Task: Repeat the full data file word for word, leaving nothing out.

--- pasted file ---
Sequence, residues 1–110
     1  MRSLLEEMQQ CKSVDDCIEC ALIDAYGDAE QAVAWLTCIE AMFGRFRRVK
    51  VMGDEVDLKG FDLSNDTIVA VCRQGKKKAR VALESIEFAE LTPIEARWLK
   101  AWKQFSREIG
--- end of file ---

Sequence, residues 1–110
     1  MRSLLEEMQQ CKSVDDCIEC ALIDAYGDAE QAVAWLTCIE AMFGRFRRVK
    51  VMGDEVDLKG FDLSNDTIVA VCRQGKKKAR VALESIEFAE LTPIEARWLK
   101  AWKQFSREIG